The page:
While we can encourage Iraqis to avoid a state based on ethnic identity, denying them a theocratic state will be more difficult; Iraqis themselves must determine the relationship between Islam and human rights, particularly the rights of women. An Iraqi democracy will not look the same as an American democracy--and we cannot expect or force it to. Of course, we will encourage Iraq to adhere to international human rights standards, but, in the end, the Iraqis will have to choose for themselves laws and norms that reflect their morals and culture. Values cannot be imposed from the top down.
For Iraq to establish a representative government that can make such decisions, however, the international community will need to assist by deploying hundreds of skilled administrators, lawyers, jurists, and political scientists. Resources should also be provided for Iraqi delegations to visit other countries as a way of examining alternative legal and political arrangements. Indeed, the international community can make its greatest contribution in Iraq by helping to establish the rule of law. The near-term threat in Iraq is that the country could lapse into civil war or decay into seething instability, as Lebanon did in the 1970s. Either way, Iraq would likely become a haven for every form of illegal activity as well as a major recruiting and training ground for international terrorists. Maintaining internal stability consistent with representative government is a matter not only of effective policing, but also of a criminal justice system complete with laws, courts, judges, and civil and criminal punishments. The international community should help draft laws and procedures, train judges as well as police, and equip investigators, patrol officers, police headquarters, courts, and jails--a process that will take two or three years and cost hundreds of millions of dollars. Our experience in the Balkans will prove valuable here, but it will take U.S. leadership to extract and implement the lessons of that conflict.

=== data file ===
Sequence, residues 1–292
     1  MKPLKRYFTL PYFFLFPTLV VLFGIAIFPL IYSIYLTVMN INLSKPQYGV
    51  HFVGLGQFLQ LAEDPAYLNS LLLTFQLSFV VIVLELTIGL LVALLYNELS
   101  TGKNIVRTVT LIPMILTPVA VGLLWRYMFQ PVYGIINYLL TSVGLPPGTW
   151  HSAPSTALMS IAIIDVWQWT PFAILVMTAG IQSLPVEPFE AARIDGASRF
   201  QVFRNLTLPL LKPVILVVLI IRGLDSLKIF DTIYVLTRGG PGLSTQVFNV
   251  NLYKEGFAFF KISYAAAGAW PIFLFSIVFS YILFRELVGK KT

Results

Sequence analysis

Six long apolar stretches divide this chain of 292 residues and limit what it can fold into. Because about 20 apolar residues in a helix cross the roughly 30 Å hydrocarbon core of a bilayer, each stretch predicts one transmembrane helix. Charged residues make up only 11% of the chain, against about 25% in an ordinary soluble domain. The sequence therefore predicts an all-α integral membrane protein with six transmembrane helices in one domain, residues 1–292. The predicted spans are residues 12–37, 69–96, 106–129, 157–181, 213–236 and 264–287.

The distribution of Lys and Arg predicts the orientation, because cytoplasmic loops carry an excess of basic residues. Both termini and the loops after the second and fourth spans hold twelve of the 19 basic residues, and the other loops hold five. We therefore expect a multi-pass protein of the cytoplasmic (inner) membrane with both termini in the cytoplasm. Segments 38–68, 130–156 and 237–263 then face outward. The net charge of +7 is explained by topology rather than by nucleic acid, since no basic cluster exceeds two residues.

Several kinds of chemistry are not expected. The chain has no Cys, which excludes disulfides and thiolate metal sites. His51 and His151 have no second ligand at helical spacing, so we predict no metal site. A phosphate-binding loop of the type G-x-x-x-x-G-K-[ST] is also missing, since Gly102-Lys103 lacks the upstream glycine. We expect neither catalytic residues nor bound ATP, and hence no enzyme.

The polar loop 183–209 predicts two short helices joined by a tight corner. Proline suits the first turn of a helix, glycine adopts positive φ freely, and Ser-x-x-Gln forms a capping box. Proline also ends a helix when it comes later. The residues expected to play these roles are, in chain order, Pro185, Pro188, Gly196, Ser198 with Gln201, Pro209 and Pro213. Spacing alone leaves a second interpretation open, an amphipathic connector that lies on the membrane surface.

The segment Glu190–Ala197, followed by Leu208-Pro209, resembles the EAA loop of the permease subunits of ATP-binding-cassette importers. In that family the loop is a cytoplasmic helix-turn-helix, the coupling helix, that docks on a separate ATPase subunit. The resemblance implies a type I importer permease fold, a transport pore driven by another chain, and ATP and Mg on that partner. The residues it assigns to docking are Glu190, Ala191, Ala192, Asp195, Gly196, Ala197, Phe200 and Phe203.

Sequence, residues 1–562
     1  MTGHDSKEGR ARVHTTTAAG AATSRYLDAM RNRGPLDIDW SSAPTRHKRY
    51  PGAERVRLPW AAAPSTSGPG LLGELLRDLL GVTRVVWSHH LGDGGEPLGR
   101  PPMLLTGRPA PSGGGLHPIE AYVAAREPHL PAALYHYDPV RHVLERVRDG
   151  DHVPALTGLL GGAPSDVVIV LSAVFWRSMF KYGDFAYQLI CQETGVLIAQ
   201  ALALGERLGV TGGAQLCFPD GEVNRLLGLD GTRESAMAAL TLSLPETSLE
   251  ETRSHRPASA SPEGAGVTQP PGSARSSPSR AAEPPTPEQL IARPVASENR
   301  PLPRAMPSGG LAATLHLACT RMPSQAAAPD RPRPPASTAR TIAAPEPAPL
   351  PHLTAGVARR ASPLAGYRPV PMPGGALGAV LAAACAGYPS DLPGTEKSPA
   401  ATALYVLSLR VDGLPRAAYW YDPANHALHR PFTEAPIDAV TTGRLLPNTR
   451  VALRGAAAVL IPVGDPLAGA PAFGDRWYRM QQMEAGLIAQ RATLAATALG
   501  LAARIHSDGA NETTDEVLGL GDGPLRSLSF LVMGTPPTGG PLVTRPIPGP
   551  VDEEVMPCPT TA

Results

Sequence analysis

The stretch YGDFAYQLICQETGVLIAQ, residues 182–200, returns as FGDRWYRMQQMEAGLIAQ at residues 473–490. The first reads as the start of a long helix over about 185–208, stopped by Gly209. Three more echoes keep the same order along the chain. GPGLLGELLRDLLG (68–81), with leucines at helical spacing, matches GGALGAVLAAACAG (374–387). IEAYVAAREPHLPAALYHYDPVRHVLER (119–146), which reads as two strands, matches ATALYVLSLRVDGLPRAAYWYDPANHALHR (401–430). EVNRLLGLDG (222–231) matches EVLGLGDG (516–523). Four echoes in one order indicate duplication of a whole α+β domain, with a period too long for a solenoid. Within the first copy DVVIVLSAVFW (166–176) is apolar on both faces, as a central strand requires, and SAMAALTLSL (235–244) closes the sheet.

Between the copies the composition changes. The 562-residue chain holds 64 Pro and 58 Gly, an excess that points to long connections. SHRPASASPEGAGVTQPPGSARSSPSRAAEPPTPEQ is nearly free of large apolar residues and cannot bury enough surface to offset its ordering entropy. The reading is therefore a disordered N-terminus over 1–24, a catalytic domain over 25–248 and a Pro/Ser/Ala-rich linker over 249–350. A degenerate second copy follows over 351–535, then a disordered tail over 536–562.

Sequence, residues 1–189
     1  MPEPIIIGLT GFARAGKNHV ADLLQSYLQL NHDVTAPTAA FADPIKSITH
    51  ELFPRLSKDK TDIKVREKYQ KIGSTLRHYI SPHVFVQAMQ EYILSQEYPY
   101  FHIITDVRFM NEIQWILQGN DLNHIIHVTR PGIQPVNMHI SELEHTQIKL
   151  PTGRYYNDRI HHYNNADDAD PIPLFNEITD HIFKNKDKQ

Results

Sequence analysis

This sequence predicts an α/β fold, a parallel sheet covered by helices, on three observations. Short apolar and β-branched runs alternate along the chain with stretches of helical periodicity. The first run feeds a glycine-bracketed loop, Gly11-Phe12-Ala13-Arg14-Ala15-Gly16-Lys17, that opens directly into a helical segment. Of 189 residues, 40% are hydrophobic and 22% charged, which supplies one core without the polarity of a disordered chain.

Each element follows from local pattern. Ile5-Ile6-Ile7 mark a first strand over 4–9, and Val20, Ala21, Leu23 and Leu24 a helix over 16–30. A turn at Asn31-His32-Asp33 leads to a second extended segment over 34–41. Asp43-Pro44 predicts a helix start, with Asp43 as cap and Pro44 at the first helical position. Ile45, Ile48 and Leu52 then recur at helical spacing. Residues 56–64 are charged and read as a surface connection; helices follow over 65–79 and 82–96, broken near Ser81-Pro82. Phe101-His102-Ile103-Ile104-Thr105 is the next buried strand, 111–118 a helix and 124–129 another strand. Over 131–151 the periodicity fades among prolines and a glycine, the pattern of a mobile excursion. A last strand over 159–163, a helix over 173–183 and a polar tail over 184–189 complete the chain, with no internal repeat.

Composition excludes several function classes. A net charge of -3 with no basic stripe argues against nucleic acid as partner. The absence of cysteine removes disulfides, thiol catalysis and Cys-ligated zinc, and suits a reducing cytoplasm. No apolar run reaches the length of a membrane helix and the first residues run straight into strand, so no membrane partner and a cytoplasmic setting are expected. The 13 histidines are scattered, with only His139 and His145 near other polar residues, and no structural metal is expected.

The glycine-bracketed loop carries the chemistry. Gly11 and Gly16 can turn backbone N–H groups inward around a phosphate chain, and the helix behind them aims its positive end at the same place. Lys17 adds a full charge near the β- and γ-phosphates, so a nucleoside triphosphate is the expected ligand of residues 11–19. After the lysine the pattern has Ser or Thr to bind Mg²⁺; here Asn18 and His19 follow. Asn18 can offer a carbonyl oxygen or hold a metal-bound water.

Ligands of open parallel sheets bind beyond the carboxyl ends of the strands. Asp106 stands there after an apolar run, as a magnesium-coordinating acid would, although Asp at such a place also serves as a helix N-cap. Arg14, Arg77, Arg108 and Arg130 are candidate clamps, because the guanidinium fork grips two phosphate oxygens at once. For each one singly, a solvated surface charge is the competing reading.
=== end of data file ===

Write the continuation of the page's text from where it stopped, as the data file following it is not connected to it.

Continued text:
The Iraqi government will also need help building a military strong enough to secure the country's borders, defeat any local, unauthorized militia, and enforce the rule of law--a process that could also take several years and cost hundreds of millions of dollars (though the Iraqis should be able to bear some of the costs themselves). In the interim, a substantial number of American troops will need to remain in the country, with U.N. and Iraqi authorization and a clear definition of their specific mission and responsibilities. To further encourage international contributions to Iraq, we should have our commanders report through nato, while of course retaining authority to act in our own self-defense.
We must not, however, allow the violence in Iraq to serve as an excuse for inaction by the international community or to prevent us from delivering the development assistance we have promised. To do so would simply shift the entire burden of rebuilding Iraq to the U.S. military, which cannot solve the country's problems on its own. Indeed, helping Iraqis to rebuild their country will significantly enhance their ability to control and restrain the violence that has become increasingly prevalent.
The United States has taken some steps to promote Iraqi self-sufficiency, but they've been wobbly ones. We've tried to train police, but, in rushing the process, we've done a poor job. The last thing we want to do in Iraq is stay the course. We must make a substantial course correction--immediately. What is ultimately at risk in Iraq is not just the future of the Iraqi people, but regional stability in the Middle East and U.S. influence and security itself. Intervening in Iraq a year ago was optional--and, in my view, unnecessary. But we now have no choice about whether to succeed: We must.
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This article originally ran in the June 7, 2004, issue of the magazine.